Now it is placed in my personal wind turbine. It is 24 meter High with 12 meter diameter propeller. It works with gearbox 7.5/1 To multiply the maximum speed of 80 rpm (propeller)To 600 rpm  (generator).

20160723_141852 20160820_164710

It works very well and i did want to show us that your invention is always in way of évolution.

Now l want to try to assembly a generator that works direct 16kw at 80 rpm to avoid gearbox. A lot of whorls, very big magnets…

To follow..

With pleasure To read you,

Best regards,


Posted in construction, People | Leave a comment


Wind Turbine Design and Construction Workshop – October 31 – November 5, 2016 – at the Handy Village Institute, Graham, North Carolina

ALSO: Wind Turbine Towers Workshop – November 7 – 12, 2016 – at the Handy Village Institute, Graham, North Carolina

Both of these workshops lead by Dan Bartmann of Otherpower fame.  He has taken my designs and built them very large, and far and wide stateside over many years.  He even came and helped on a couple of courses I did in the USA in the days I used to teach over there.

The workshops are HANDS-ON, at a gorgeous facility hosted by awesome people dedicated to educating folks in how to achieve a sustainable lifestyle.

Please note:
The cost of each workshop includes instruction, book (Homebrew Wind Power), and light refreshments. Transportation, meals, and lodging are not included. If you are seeking scholarship support, please indicate this during registration. Bring work clothes and boots, safety glasses, hearing protection, dust mask, pencil or pen and paper, and calculator. Tools to bring, if you have them: tape measure, hammer, battery-powered drill, drill bits, rasp file.

Posted in construction, courses | Leave a comment

Tales of Woe

Over the years I lot of people have phoned me with tales of woe about small wind turbines.  I am sympathetic of course, because I know how it feels first hand but I have become hardened over the years.  I do it because I love it and I know that it will hurt at times but for me it’s worth it.  What saddens me is that most people are shocked and disappointed by wind turbine failures whereas those of us who work in the small wind industry are mostly well aware and have seen plenty go wrong.

I’d like to try to redress the balance of the sales hype a little by sharing a couple of photos I received from Fiona, a UK wind turbine owner the other day.  This turbine is only four years old and has had plenty of repairs done already.  It’s on a good site, and generates £2600 worth of feed in tariffs per year, but servicing is expensive.  Lately Fiona has fallen out with the company that installed the system.  The installer insists on charging for replacement parts even though the manufacturer has accepted that they are warranty replacements.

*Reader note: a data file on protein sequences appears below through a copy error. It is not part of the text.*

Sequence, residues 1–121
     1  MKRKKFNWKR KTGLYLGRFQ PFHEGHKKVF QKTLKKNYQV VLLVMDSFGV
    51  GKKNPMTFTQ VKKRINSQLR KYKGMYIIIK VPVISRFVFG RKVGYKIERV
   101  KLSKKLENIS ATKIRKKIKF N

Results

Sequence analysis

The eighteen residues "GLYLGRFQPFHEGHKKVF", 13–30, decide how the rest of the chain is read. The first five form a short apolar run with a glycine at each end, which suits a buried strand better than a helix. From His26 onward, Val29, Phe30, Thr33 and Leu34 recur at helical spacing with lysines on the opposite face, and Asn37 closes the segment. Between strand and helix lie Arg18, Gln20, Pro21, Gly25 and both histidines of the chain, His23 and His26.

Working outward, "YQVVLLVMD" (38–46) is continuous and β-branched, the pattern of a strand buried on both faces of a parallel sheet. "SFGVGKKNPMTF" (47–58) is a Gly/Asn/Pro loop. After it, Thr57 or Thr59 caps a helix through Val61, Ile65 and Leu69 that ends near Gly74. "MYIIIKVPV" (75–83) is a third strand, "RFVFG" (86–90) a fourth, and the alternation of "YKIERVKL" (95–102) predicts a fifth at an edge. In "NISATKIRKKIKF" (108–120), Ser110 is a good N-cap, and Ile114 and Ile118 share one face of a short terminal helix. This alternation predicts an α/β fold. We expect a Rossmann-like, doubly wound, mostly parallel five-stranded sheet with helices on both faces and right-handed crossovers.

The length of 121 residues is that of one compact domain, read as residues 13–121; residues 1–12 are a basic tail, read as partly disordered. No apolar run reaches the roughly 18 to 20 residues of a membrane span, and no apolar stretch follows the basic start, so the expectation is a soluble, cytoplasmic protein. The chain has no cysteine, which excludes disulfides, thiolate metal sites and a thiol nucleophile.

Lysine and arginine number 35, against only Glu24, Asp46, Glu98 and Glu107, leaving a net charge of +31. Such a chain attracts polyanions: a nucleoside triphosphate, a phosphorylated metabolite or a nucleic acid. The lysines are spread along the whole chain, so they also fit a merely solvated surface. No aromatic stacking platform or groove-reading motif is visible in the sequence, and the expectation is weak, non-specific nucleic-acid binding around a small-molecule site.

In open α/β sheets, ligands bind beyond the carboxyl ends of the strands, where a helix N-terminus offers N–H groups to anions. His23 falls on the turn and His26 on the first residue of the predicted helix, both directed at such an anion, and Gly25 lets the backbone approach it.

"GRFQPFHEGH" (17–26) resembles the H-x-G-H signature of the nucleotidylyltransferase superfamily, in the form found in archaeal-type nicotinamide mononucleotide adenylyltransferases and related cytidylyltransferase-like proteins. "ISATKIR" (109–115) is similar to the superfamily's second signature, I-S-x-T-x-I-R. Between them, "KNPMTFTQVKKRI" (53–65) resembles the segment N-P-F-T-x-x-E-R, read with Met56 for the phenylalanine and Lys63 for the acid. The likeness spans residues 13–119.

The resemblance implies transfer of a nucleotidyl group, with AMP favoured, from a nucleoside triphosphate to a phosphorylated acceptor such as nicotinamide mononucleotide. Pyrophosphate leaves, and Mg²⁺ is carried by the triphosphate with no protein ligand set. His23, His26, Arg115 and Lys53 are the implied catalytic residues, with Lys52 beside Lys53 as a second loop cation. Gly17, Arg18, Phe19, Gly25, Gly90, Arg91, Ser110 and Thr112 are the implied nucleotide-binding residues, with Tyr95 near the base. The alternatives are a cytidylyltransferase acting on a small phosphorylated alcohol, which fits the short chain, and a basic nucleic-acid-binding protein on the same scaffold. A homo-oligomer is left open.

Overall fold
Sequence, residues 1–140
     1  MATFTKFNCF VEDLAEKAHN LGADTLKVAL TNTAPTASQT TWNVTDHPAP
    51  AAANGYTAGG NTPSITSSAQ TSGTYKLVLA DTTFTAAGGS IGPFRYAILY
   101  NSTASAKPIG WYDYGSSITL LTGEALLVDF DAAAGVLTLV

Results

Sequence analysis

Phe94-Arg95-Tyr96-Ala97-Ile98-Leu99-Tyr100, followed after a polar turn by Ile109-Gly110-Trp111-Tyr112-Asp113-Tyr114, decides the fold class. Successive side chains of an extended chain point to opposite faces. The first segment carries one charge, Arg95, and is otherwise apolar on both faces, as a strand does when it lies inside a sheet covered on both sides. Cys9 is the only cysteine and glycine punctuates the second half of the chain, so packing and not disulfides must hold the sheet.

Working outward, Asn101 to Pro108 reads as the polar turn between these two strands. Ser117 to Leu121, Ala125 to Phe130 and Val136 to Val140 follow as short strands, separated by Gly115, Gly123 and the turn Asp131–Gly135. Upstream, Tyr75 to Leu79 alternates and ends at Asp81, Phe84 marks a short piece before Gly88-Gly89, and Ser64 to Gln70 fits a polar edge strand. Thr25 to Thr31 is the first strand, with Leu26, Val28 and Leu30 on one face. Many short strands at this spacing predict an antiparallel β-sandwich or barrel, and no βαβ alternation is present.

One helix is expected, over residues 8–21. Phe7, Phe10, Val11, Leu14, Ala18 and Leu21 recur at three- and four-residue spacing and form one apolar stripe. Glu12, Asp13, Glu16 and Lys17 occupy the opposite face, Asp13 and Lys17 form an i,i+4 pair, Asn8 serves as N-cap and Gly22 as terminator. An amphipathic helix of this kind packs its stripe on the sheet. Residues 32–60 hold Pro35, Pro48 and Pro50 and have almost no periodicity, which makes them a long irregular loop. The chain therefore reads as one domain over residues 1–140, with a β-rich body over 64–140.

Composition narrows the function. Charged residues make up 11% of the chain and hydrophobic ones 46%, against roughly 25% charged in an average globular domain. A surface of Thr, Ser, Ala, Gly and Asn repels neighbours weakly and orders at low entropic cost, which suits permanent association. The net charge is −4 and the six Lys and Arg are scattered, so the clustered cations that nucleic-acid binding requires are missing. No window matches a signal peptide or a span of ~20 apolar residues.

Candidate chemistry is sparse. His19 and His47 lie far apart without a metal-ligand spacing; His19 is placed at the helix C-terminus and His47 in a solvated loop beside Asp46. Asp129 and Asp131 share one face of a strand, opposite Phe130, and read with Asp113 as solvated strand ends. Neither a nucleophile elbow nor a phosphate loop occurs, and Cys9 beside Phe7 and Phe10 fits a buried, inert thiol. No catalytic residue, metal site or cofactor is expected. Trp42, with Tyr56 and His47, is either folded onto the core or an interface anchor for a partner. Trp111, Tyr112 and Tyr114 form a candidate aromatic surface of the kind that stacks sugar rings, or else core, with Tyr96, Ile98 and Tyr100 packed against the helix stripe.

It’s tough on all concerned when a machine keeps going wrong, but it’s not a complete surprise to those of us who know small wind turbines.  Some work well but others (especially on high wind sites) are complete troublemakers.  My advice has always been “Don’t buy a small wind turbine to save money.  Do it for love, and enjoy the unique feeling but don’t expect an easy ride.”

It’s great to see wind turbines sited well away from public areas rather than on rooftops(!!) and close to school front doors.  But if this blade had flown the same distance in the opposite direction it could just have smashed a window and entered the house.  Personally I see this as a justifiable risk.  It’s about as likely as being struck by lightning or blown up by a terrorist so not worth losing sleep over but wind turbine buyers need to be aware of it and that’s the reason for my post.  Also to say that events like these can severely test your relationship with your installer, even though it is none of your making.

Posted in UK small wind scene | 7 Comments

How to make an AC heater act as a charge controller

I have just added a page about how to build a Tristar Follower (as I call it) that uses an AC heater connected to your inverter to dump surplus power (usually into heating water) when the battery does not need it.  It uses phase control to do this smoothly.

It’s a pretty simple electronics project with only a handful of passive components to wire up.  I have built quite a few of them now and they work nicely.  The Tristar is good at deciding when to dump power but DC loads are not so useful, whereas an AC heater in your water tank can produce a lot of hot water without having to burn any fuel.


Posted in construction, my own projects, products/technical | 1 Comment